Finally, I don’t like to think I’m wasting precious minutes writing on this topic. So, if anyone reading this has the spare time - I know, what’s that? - I’d be interested to learn how others might use any “extra” time in their day-to-day lives.

Friday, November 06, 2009


THREE additions to my record collection this year are in the running for the Uncut music magazine’s Album of the Year 2009 award. These are:

The Low Anthem – Oh My God Charlie Darwin
Wilco – Wilco (The Album)
Bob Dylan – Together Through Life.

I enjoyed the first of this trio the most and am looking forward to their Celtic Connections’ gig in Glasgow in January. So I hope they win the title as I feel the album is an intriguing mix of styles – from a Tom Waits’ cover, torched tonsils and all, to the Arcade Fire to any delicate, lo-fi, close harmony trio you can think of. Not sure who will win.

Predicting a winner is difficult especially when I’ve not heard all the albums fully. For the judges, too, it’s a real challenge. Being on such a judging panel would be a dream gig for me.

One thing for certain, the final decision definitely won’t please everyone. Disagreement is part of the fun of such lists and contests.

Singer/songwriter, Ricky Ross cheekily wrote on a recent blog: “It is only the sad, old or young male that does lists…..” Obviously, I don’t share his view but, graciously, he permitted me, as a fellow Dundee United Arab, to reply: “As for lists – I am a sucker, always have been. They are fun, provocative in a non-combat way.”

Don’t know when the Uncut results are coming out but I’ll wait until they are revealed – and then I’ll do my own “best of” list for 2009, to amuse myself if no-one else.

On the other hand, any feedback - plus your own “best ofs” - would be welcome and most interesting in due course.

The other five contenders for Uncut’s award are:

Animal Collective – Merriweather Post Pavilion

Dirty Projectors – Bitte Orca

Grizzly Bear – Veckatimest

Kings of Leon – Only By The Night

Tinariwen – Imidiwan: Companions has more.

Monday, November 02, 2009

No Reply

I have been quite taken aback recently about the attitude of some businesses to the prospect of potential new work. It astonishes me how sloppy some are when new opportunities arise.

I have been looking to discuss the staging of a charity event on behalf of one of my clients with companies offering that expertise. Responding to messages in email and voicemail format, clearly, doesn't seem to be a priority for a few companies.

Several have yet to respond to my inquiries, lodged two weeks ago. If they are too busy, I’m pleased for them, but I’m busy, too, and I’ve been making return calls to prospective new clients. I’m delighted they are considering using my services.

A courtesy call or an email to say ‘we can't take on new work’ is preferable to a stony silence any day.

Basically, it's a form of the rudeness in my book.

Can businesses afford to ignore potential new income? I very much doubt it.

To those who have replied to my specific inquiry, I thank you.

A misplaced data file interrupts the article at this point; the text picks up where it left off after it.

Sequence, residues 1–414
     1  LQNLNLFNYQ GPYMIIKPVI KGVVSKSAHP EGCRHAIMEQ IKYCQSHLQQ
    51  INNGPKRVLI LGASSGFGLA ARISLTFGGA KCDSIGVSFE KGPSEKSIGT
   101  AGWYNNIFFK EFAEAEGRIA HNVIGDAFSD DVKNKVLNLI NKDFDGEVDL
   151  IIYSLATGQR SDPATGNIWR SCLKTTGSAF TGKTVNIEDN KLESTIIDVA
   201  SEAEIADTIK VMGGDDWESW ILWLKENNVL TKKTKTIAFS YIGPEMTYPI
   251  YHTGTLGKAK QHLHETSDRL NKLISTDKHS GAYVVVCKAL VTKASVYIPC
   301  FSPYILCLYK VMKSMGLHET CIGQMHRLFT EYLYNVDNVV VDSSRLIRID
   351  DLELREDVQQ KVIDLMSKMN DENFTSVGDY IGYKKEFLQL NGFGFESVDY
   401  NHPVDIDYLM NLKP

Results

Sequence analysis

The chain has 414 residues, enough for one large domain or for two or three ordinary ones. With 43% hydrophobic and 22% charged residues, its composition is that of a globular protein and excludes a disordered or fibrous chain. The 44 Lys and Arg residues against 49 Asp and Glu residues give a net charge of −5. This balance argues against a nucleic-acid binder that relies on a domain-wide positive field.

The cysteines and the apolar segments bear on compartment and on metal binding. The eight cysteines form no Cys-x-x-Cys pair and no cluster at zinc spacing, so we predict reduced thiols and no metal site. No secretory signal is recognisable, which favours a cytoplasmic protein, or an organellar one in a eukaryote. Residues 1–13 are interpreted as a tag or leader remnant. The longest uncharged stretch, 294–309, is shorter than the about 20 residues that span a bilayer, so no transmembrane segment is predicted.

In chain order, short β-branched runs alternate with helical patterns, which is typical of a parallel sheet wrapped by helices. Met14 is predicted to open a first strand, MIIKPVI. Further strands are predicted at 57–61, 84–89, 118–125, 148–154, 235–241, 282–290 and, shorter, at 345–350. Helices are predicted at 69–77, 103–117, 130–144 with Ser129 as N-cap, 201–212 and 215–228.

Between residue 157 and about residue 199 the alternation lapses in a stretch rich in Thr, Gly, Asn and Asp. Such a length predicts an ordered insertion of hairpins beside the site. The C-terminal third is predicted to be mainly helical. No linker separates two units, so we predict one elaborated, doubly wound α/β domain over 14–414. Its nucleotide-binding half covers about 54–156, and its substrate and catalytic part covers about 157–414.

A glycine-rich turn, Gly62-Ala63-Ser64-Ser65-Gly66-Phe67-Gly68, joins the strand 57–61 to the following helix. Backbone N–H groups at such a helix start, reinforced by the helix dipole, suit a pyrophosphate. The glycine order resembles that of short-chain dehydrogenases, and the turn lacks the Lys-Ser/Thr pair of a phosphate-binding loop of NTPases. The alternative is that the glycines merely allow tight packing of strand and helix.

And I WILL be in touch.

Thursday, October 22, 2009

Booking Time To Read

I am a great admirer of people who have time to read books for a second time or even more. This has come to mind as my wife, Maggie is undertaking a creative writing course and her reading list includes many titles she has read previously.

As a slow, very slow reader, I have rarely re-read a book with a few exceptions: “Kidnapped”; “Tess of the D’Urbervilles” and “One Flew Over the Cuckoo’s Nest” and “Shakey,” the Neil Young biography spring to mind.

I do love books but bedtime reading is hopeless as I get through a few pages before falling asleep. So, the next day when I pick up a book again, I have to go back over the pages I read. I can’t skip over passages or words as I hate to think of an author slaving away with text and plots for me to pay them less than full attention.

On holiday, Maggie - somehow despite the demands of our lively three-year-old son, Adam - managed three books during the 12-day break. I think I read about three chapters, if that.

So while Maggie rattles through books, there is always a healthy pile on the bedside table for me to tackle. Just started a Val McDermid thriller - so might have it finished before bonfire night.

Sunday, October 18, 2009

Mike Ritchie Media - Comes A Time: Eye opener

Mike Ritchie Media - Comes A Time: Eye opener

Eye opener

I do listen to a lot of music from a range of styles. Lately, for example, I’ve been playing Spiritualized, Sam Baker, Richmond Fontaine, Eilen Jewell - excellent live, incidentally - and Ian McNabb with my usual favourites, Neil Young, Tom Waits and Morrissey, as well as The Smiths. A class selection.

But, somehow or other, there is a band I’ve not been involved with though selected tracks over the years have intrigued and pleased me. Indeed, my middle son, Martin, included them in a compilation CD a few years back. And I have no idea how I have become interested again of late.

This has happened quite a few times in my music listening lifetime – Tom Waits, Richard Thompson, John Prine and even, it must be said, Dylan as plenty of chums were major followers while I played catch-up.

And so it is now with Eels.

Yes, “Novocaine for the Soul” has been on the turntable many times over the years but I’ve not bought a single Eels” CD ever. Spotify has been filling in the gaps, admirably and enjoyably.